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Going to install Holley manual 2 BB choke carb. Tired of these electronic chokes by Motorcraft.
Once installed are there anything special I need to do as far as adjusting anything, like the adjusting the tension on the cable for the manual choke. Are most new carbs set where they need to be as far as idle/mixtures should be?
I live on the east coast, where the coldest temps at the max in the winter are 30 degrees.
What is the best way to operate a manual choke, when starting up for the morning?
The manual chokes are pretty straight forward. The cable isn't spring loaded so there's really no adjustment to make.
Put the carb on and run the choke cable from the cab to the carb. Push the choke cable all the way in (in the cab) and make sure the flap on the carb is all the way open. Attach the cable to the flap and you're done. Just make sure that when the **** in the cab is all the way in the flap is all the way open.
You'll have to use trial and error in using the choke. Sometimes it takes a lot and sometines it takes very little. I have a Holley 750DP on my 460 and never use the choke. But that could be because I don't have it adjusted right.
As for adjusting the idle mixtures, see my post in the BIG BLOCK forum about "tuning my 460/Holey 750". I got a lot of good advice there from guys who know what they're doing.
If you're an "all manual" guy, here's just a thought: I have a manual choke Holley 2bbl on my old International. I have the manual choke, with its fast idle cam, AND a manual throttle. The choke will advance the idle when it's applied. But sometimes you want a fast idle and you don't need all that enrichment. Granted, I work it offroad quite a bit, use the 10,000 lb. PTO winch to pull logs, and have an assortment of work lights, so maybe I have more use for a manual choke than the average guy. But a throttle can be handy. They used to be common. The dash of the '48 Dodge one-ton Dad used to have, or the '52 Dodge heavy half ton he has now, will show factory choke and throttle *****, (as well as a factory "panel" light switch next to the headlight switch). Just thought I'd toss that thought out there.
I would assume your Holley, like most manual choke carbs, has a fast idle cam.
On my International, the throttle cable is a separate cable, anchored to a separate support. From the end of the wire cable, there's a short chain to the throttle linkage on the carburetor. This way, the hand throttle can PULL the throttle open, but if you're opening the throttle with your foot on the accelerator, you're not pushing against the hand throttle wire. You want to make sure the two can't fight each other.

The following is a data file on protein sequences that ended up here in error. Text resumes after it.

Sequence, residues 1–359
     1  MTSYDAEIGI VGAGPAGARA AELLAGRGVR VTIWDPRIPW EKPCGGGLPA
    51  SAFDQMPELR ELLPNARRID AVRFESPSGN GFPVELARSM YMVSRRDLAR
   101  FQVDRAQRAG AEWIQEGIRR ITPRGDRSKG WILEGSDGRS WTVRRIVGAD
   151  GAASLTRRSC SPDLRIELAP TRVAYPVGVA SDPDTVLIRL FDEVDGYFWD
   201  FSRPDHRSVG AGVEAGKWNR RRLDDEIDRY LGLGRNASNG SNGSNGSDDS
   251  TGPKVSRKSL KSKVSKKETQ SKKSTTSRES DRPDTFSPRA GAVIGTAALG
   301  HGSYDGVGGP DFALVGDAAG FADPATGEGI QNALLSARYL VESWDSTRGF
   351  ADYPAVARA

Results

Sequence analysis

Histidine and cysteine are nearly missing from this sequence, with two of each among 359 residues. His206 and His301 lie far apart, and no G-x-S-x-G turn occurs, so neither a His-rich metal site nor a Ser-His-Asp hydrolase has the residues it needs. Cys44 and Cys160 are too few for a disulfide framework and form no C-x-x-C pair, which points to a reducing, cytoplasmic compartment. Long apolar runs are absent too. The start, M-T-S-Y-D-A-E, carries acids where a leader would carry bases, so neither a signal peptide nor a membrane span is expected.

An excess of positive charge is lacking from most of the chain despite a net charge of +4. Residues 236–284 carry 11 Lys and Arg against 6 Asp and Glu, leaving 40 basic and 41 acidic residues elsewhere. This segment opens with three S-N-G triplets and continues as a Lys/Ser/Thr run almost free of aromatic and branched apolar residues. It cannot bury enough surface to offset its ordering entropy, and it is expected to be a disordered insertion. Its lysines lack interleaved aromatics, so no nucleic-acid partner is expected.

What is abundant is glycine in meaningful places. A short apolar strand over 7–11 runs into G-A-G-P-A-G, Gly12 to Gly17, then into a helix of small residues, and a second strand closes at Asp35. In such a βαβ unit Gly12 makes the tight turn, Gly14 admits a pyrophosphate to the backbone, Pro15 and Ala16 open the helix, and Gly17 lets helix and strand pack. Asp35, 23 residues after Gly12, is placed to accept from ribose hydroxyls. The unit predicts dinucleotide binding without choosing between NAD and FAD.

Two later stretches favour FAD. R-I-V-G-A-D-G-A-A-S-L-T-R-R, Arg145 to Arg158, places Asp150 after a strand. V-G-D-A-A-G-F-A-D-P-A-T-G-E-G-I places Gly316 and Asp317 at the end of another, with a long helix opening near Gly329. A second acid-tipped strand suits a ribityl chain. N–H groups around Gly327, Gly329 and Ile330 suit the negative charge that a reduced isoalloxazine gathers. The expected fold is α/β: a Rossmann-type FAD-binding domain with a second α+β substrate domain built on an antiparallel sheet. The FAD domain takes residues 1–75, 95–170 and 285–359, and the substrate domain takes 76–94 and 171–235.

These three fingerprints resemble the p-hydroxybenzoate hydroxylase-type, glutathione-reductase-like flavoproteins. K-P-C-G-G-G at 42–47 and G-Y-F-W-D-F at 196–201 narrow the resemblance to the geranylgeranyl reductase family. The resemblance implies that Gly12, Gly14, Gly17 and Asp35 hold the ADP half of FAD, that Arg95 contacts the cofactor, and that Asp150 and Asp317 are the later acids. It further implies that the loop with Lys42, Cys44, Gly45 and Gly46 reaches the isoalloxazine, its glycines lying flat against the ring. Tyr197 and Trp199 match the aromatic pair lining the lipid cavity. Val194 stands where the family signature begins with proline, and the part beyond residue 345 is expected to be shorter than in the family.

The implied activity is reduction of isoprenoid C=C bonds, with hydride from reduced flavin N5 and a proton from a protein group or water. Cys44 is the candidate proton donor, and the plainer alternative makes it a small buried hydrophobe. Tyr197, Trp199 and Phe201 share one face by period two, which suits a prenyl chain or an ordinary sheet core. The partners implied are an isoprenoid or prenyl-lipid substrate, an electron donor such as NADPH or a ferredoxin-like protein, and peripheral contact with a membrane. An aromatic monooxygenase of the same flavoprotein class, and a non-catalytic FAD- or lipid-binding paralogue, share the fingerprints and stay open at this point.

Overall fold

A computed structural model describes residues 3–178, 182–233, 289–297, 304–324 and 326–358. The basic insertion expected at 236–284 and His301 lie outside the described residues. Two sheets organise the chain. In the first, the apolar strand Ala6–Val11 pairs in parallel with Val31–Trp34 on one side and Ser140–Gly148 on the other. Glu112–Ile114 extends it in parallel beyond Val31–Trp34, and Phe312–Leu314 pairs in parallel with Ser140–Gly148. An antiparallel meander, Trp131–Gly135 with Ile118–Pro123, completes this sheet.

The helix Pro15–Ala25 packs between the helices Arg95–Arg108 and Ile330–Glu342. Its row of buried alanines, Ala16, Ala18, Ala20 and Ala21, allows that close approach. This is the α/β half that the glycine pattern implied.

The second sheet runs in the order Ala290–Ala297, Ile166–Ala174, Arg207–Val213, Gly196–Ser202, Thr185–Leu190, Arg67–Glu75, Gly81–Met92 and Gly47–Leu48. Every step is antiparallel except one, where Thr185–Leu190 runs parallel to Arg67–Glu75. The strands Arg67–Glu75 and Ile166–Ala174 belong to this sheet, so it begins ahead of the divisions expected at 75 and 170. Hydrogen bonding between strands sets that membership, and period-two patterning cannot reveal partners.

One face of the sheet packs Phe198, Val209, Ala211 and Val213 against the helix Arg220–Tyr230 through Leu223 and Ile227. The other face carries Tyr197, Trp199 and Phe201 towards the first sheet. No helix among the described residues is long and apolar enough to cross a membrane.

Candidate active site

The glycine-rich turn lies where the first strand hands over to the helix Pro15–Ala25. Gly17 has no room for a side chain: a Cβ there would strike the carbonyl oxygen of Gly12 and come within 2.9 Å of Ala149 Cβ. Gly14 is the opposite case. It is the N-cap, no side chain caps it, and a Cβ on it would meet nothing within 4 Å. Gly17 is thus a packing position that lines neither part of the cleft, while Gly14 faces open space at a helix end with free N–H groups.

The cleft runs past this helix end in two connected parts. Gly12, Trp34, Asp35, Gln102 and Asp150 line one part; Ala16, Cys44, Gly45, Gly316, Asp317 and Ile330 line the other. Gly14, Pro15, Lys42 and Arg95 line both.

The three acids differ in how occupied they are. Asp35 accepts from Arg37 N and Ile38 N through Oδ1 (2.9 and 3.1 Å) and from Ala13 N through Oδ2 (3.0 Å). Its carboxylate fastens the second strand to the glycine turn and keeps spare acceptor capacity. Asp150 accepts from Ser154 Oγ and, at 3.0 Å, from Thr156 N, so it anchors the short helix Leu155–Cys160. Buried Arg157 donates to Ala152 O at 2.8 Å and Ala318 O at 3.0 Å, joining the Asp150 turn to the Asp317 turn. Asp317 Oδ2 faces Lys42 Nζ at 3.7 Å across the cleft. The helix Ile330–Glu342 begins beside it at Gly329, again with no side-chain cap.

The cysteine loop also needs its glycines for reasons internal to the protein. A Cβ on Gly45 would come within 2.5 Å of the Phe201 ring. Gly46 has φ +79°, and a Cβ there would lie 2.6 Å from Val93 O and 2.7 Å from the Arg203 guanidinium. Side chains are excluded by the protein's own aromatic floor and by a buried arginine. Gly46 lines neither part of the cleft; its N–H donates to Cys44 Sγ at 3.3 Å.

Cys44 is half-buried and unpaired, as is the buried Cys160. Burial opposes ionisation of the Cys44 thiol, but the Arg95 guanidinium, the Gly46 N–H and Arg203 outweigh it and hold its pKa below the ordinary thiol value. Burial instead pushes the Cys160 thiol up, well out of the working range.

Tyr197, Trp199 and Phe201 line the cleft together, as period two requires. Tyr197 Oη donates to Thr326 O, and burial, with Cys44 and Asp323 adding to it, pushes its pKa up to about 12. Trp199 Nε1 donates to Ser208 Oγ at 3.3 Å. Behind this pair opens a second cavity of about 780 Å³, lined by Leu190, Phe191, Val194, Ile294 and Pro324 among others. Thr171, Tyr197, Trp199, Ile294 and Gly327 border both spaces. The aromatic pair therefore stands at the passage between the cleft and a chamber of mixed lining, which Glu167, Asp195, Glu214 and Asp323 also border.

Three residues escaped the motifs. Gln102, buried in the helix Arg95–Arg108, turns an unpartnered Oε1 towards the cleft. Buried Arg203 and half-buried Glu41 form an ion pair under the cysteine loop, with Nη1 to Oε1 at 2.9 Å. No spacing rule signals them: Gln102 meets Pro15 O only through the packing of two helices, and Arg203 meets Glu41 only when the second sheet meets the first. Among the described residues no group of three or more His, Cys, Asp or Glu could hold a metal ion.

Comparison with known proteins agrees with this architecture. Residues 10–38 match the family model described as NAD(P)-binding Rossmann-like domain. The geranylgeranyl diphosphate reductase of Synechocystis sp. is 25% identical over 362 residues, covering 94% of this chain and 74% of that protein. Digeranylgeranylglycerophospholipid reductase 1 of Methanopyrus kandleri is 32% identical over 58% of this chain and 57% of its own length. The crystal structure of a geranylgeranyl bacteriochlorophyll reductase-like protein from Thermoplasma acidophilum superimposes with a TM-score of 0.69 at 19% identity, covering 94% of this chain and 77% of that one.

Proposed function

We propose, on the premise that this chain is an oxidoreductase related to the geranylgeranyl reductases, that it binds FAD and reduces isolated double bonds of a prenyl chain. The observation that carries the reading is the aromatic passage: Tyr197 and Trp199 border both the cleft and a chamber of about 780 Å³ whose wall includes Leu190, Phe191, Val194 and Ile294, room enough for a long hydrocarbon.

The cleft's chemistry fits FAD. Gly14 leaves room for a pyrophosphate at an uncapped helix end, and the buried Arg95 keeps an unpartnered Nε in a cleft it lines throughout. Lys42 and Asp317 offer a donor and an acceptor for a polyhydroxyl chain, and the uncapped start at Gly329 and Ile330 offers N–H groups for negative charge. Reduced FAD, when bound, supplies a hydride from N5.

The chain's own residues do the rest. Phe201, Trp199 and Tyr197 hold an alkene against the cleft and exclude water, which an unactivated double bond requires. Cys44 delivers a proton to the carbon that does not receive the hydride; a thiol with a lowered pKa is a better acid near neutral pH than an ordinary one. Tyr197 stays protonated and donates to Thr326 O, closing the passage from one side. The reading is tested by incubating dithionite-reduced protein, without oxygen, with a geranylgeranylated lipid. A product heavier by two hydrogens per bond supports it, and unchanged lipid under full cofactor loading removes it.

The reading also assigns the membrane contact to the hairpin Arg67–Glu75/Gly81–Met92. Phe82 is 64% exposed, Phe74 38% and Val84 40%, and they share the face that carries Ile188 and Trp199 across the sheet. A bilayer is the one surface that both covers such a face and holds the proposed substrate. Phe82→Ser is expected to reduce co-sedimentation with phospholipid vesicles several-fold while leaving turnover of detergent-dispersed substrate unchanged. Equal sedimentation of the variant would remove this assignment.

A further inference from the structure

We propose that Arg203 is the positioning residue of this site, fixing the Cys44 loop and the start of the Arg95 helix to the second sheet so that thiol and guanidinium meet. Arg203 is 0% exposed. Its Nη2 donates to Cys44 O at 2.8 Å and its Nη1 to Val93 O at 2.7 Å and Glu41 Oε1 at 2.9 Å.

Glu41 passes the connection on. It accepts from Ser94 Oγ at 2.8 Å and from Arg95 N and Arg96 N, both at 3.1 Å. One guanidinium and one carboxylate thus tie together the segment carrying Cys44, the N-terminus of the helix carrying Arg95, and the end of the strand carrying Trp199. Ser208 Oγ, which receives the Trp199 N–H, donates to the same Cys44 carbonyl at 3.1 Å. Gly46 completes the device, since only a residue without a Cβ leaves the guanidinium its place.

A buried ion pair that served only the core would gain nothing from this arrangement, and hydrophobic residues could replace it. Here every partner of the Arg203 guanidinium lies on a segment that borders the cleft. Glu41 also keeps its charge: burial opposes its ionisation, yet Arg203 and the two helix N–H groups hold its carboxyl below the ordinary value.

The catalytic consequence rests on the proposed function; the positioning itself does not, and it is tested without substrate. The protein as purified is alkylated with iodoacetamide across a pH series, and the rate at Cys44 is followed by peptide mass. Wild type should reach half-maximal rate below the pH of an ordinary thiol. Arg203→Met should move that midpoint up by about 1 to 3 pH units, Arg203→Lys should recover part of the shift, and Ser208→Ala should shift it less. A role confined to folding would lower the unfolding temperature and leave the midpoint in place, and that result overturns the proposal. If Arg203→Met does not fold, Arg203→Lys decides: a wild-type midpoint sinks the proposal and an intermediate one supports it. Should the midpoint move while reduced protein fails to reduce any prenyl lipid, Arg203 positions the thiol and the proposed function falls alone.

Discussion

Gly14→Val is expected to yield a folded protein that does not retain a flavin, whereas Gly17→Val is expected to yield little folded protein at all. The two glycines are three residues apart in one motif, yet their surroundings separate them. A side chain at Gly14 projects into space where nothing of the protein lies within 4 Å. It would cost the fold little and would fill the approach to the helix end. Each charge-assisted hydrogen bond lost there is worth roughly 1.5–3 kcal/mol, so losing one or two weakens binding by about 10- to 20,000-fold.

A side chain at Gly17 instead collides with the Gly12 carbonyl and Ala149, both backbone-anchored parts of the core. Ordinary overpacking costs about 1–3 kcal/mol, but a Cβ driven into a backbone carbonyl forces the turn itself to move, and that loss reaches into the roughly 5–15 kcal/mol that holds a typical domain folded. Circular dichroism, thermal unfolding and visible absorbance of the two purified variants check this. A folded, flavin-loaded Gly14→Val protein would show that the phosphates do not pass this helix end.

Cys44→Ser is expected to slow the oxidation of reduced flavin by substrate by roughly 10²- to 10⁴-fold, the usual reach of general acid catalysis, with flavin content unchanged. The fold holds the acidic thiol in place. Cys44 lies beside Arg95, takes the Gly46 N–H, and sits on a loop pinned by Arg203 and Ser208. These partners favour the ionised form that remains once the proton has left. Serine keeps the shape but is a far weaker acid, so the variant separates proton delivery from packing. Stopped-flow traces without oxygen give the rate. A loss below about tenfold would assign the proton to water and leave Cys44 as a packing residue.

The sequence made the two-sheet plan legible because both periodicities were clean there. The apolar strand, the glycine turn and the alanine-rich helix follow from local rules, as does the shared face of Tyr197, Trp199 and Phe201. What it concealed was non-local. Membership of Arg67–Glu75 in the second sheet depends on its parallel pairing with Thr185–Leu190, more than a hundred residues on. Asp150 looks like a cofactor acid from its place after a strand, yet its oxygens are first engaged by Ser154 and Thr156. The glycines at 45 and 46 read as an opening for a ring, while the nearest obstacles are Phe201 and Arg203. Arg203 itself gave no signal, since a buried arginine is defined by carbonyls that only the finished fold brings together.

My throttle cable is one of those big industrial looking black ***** with a large red button in the center. Turning the **** counter clockwise pulls the throttle out for higher rpm. Hitting the red button in the center releases it to spring back to idle. You don't have to get that carried away if you won't want to. There are some nice chrome "T" handled throttle cables. You just twist the handle to lock into position.
On the Holley,(2bbl) does the manual choke operate the choke plate only, or does it ALSO operate a fast idle? I have a 302 from 73, I HATE that Motorcraft choke...
I also got so tired of fighting the auto-choke stuff on the 2 motorcraft carbs I had before that I put the Holley on. The 2300 2-barrel manual choke operates the choke and the fast idle. A separate throttle cable would be great although the fast idle speed can be adjusted and if it's all working right that should be enough. I like the Holley a lot; idle quality, mileage, and performance are all better with it than either of the auto-choke motorcraft 2150 carbs I had on there before.
I found that it's critical you adjust the idle mix screws correctly on the Holley or the choke overwhelms the idle (tries to flood). I used a vacuum gauge to set mine. I ran my idle screws in until vacuum started to fall off, and then backed them back out until the vacuum just came back up. No extra 1/8 or 1/4 turn or anything like that that some people call for. That finally let the choke work correctly and also brought my mileage up to a better (but still disappointing) 10 mpg. However, that's up from a low of 7.5 mpg so it is better. Not great, but better.
I was hoping to be able to get it into at least the 12-16 range, but that's apparently not to be. The truck is just too big and heavy for anything better. Due to the overall poor mileage I leave it parked for the most part now. Just not very practical as a daily driver!
65CJ5, what engine do you have, and how much tuning was involved in a swap from the Motorcraft to the Holley 2300?
78 f150 351M and C6 AT
I checked my EGR plate to make sure it wasn't too boogered up and it was OK. Then all I did was pop the Holley on there using the thin gasket it came with, and set the curb idle. All the linkages and stuff hooked up without any problem. I also re-jetted it from the #61 (sea level) jets it came with to #57s due to my altitude. Later I set the fast idle and idle mixture screws. Setting the idle mixture was the critical thing for me to get the choke working right.
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